Today is National Condom Day
Epidemiologists have made the estimate that, in the U.S. alone each year, a staggering 19 million new cases of sexually transmitted infections arise. How can this number be accurate? After all, if such a large number of people are newly infected each year, wouldn’t this quickly lead to treatment shortages, and other potential health care crises?
The fact is, the overwhelming majority of people who are infected by sexual transmission are completely unaware that they have been infected. As a direct result, these newly infected persons have no reason to believe that they are in danger of infecting others. When one puts these two facts together, then multiplies them by the sexually active population of the United States, 19 million new infections suddenly seems to be much more of a reality.
How can so many infected people not know that they are infected? The truth is, most sexually transmitted infections are very slow-growing. Because the infecting organism multiples so gradually, few if any symptoms are experienced after an infection is transmitted. Long-term consequences of infection, however, can be severe, and are often difficult to predict.
For these reasons, the most important measure that we can take as a society is to prevent sexual infections from being transmitted in the first place. For adults who choose not to be sexually active, prevention of transmission is achieved by completely abstaining from sex. For the rest of American adults, a high degree of protection from sexually transmitted infections can be achieved through the proper and consistent use of latex (rubber) or polyurethane (plastic) condoms during sexual intercourse.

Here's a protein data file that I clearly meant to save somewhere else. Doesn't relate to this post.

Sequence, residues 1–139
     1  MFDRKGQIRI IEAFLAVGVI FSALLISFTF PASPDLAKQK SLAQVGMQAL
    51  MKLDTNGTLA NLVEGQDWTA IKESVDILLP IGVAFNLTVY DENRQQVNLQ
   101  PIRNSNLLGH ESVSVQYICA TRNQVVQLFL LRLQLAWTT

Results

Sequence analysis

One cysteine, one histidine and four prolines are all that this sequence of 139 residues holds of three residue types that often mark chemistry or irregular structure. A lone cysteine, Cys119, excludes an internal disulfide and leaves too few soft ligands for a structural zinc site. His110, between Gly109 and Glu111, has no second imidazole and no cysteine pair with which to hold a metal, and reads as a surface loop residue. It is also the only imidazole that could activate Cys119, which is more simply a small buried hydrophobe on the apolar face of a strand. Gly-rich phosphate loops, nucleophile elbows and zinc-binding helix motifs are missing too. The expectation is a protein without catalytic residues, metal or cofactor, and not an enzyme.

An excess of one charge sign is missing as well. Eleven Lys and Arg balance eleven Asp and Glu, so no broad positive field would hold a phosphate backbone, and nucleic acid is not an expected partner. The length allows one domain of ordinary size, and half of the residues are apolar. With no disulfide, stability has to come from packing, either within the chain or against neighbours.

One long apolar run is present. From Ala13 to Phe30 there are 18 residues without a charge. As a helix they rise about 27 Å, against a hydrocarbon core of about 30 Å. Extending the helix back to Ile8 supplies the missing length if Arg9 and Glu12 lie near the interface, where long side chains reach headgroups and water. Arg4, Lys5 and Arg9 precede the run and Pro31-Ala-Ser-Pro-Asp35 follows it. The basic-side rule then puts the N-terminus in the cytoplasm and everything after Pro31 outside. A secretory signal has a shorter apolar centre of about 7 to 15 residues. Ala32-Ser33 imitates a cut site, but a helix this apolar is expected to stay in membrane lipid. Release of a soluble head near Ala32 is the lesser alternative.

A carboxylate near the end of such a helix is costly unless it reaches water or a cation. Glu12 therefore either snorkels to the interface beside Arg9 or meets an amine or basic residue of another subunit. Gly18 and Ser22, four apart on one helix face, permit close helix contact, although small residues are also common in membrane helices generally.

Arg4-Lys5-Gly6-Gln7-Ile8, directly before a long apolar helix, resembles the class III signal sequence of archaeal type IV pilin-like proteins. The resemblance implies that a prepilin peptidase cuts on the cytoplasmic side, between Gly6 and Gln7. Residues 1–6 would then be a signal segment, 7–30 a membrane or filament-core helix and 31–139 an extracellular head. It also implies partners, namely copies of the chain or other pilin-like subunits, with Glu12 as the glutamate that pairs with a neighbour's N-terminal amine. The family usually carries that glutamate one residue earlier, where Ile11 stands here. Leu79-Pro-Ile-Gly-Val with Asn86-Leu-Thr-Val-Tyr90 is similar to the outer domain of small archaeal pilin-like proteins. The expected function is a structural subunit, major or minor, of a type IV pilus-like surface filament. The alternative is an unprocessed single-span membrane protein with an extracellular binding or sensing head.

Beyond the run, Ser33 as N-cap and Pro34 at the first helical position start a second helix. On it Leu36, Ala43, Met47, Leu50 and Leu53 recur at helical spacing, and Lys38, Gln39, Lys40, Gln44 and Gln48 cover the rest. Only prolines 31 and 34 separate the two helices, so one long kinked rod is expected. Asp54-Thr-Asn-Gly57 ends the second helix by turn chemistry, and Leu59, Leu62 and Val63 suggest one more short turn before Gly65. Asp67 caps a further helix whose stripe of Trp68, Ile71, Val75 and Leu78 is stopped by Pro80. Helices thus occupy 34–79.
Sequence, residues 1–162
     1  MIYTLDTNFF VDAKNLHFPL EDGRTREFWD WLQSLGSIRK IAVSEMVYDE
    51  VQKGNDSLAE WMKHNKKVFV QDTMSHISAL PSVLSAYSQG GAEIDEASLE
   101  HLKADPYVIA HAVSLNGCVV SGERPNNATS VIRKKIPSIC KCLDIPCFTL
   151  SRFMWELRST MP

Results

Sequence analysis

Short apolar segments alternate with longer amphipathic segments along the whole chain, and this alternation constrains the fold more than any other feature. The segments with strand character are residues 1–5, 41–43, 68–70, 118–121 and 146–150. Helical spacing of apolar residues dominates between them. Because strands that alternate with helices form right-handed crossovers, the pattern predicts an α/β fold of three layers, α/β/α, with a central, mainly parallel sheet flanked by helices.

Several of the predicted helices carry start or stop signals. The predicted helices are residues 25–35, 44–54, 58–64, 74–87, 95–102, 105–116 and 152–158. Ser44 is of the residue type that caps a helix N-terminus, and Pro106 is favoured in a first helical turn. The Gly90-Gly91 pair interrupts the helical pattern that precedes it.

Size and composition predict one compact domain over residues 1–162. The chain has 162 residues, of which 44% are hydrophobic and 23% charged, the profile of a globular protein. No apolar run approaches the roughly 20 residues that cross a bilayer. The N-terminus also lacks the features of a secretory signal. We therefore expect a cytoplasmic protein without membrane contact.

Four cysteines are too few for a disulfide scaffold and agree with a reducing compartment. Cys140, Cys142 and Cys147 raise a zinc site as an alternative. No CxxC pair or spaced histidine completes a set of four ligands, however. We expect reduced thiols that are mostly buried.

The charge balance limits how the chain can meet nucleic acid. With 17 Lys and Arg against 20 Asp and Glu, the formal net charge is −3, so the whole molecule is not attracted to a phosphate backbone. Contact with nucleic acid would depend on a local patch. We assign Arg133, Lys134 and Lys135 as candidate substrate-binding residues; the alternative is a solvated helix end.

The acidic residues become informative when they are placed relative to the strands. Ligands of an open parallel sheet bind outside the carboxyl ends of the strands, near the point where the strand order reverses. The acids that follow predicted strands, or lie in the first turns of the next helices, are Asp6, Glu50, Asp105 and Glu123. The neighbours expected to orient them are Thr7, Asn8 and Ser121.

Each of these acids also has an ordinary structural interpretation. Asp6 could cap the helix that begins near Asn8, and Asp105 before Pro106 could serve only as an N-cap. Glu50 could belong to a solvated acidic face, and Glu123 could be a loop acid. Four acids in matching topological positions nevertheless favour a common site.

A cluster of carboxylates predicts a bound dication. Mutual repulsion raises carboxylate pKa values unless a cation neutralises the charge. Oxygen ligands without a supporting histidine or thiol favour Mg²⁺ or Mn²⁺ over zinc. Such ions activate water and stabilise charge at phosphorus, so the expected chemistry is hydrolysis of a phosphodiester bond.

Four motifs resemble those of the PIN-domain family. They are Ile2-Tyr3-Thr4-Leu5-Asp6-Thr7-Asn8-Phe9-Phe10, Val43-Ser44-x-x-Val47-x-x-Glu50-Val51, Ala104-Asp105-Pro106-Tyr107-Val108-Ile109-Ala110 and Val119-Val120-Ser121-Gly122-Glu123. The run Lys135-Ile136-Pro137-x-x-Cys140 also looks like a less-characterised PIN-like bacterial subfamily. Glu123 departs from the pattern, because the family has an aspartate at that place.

For several years now, latex and polyurethane condoms have been manufactured for both males and females. Because male latex condoms have been in widespread use for well over 100 years, these condoms have been studied the most when it comes to the prevention of sexually transmitted infections. More recent studies, comparing the male latex condoms to female or polyurethane condoms have shown that these choices may offer a similar degree of protection from infection, if used properly and consistently. (For more information regarding the proper use of condoms, please click here; for questions and answers regarding condom use, please click here.)
This week is the right time to begin adopting safer sexual practices. It is no mistake that Valentine’s Day has been selected by the American Social Health Association to be known as National Condom Day. In fact, this entire week, from February 11 until February 17 has been dubbed National Condom Week. The idea is to encourage the prevention of sexually transmitted infections, and to raise awareness regarding the two main options, as we have discussed above: sexual abstinence, and the proper and consistent use of latex or polyurethane condoms.
Note: The ASHA logo and the image of the National Condom Week Poster were used courtesy of the American Social Health Association.